Shawn Green drove in Beltran with the game-winning single. This was Green's third hit of the evening. There was a time when Green's role seemed to be dwindling into the deep background on this team, but he's hitting .383 over his past 12 starts. A valuable veteran, a stable presence, a big clutch performance in this one.

The Mota:

The vast majority of the 51,648 patrons of the game on hand on Wednesday night booed reliever Guillermo Mota. And this was just when he showed up on the mound in the eighth inning. The fans reached a much higher decibel level after he had surrendered a two-run single that turned a 3-1 game into a 3-3 tie.

It was as though Mota was representing both the Internal Revenue Service and the Phillies. Serious booing, but in part, of course, the fans were criticizing the mere decision to have Mota in a crucial situation in a game that meant something.

When you say that Mota has not been effective this season, you're being generous. He has a 5.79 ERA in 44 games. His appearance in a 3-1 game, in the late innings with the bases loaded, filled the paying public with what sounded like a mixture of dread and dismay. The paying public wasn't wrong.

But you haven't seen the last of Mota.

"I'm going to keep going to him," Randolph said. "He's still got some of the best stuff in our bullpen. He needs to continue to work to be more consistent with things. Right now, he's just going through one of those situations where he just can't seem to get a break, but that's going to turn around for him, that's going to change."

The crowd's reaction, Randolph said, cannot be an issue for the relief pitcher.

"He shouldn't get caught up in the crowd," the Mets manager said. "The crowd's going to react. That's not something he should be concerned about. I think for the team and for us, he needs to just get over the hump."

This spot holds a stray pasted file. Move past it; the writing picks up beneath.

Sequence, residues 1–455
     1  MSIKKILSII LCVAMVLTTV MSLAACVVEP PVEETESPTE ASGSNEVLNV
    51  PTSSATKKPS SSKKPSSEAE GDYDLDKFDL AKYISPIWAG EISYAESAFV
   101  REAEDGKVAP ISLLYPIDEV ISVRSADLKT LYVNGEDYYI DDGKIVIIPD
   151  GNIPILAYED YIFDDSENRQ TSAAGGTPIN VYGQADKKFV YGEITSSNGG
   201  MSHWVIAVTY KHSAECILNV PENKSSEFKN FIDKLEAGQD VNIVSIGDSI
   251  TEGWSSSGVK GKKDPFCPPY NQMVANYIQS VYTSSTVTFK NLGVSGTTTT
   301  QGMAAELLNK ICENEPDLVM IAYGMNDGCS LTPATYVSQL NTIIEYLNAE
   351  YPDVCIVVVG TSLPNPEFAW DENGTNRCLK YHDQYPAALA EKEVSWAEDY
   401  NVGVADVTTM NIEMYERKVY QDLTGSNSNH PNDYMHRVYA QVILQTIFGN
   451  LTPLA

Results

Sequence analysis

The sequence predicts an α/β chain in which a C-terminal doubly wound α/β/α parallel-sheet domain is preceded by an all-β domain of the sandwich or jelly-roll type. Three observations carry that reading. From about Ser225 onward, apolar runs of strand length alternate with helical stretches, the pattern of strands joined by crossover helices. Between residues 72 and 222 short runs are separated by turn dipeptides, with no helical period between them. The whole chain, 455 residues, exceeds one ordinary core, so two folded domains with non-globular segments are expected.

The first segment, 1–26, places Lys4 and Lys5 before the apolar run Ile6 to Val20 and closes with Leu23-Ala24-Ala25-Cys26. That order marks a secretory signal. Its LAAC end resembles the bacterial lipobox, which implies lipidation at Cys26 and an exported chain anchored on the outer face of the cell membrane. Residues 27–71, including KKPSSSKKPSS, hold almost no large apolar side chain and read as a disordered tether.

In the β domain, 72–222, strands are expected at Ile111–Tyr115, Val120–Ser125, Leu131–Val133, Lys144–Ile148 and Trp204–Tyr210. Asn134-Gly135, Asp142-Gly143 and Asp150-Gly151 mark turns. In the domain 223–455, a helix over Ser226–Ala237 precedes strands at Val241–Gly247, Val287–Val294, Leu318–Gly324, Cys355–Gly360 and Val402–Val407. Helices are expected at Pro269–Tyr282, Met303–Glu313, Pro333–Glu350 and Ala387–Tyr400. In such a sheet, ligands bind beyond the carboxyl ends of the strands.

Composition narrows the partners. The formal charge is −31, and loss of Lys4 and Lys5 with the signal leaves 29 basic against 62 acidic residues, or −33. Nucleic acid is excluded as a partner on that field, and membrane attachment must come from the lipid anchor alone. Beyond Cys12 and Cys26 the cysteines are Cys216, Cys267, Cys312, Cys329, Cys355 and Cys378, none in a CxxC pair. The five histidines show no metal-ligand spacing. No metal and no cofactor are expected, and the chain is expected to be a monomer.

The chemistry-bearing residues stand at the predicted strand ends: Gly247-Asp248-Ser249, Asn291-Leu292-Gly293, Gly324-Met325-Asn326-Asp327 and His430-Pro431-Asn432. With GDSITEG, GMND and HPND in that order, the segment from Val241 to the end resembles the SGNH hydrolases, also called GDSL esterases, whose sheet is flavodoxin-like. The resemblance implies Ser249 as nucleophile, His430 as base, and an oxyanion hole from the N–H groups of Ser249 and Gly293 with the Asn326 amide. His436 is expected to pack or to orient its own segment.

After Mota gave up the game-tying hit to Jeff Francoeur, he did strike out Andruw Jones to end the top of the eighth. This left him as the pitcher of record. And this led to a third round of booing.

Amid the postgame elation at Shea Stadium, where the announcement was made that Mota was the winning pitcher, the crowd booed again. These people had every right to this reaction.

Randolph has done a superb job as the manager of the Mets, particularly in light of some of the adversity this team has faced this season. If he's not a favorite for NL Manager of the Year, he certainly deserves serious consideration for the award.

But on the issue of Mota, at some point, the belief in the potential has to give way to the harsh facts of continued inadequate performances. If the need to get Mota back to top form still exists, and apparently it does, less critical situations would be the logical place of work for this relief pitcher at this time.

That was it at Shea Stadium on Wednesday night: the Good, the Better and the Mota. The highs were high, the lows were low, and at the end, two out of three is very good in this game.

Mike Bauman is a national columnist for This story was not subject to the approval of Major League Baseball or its clubs.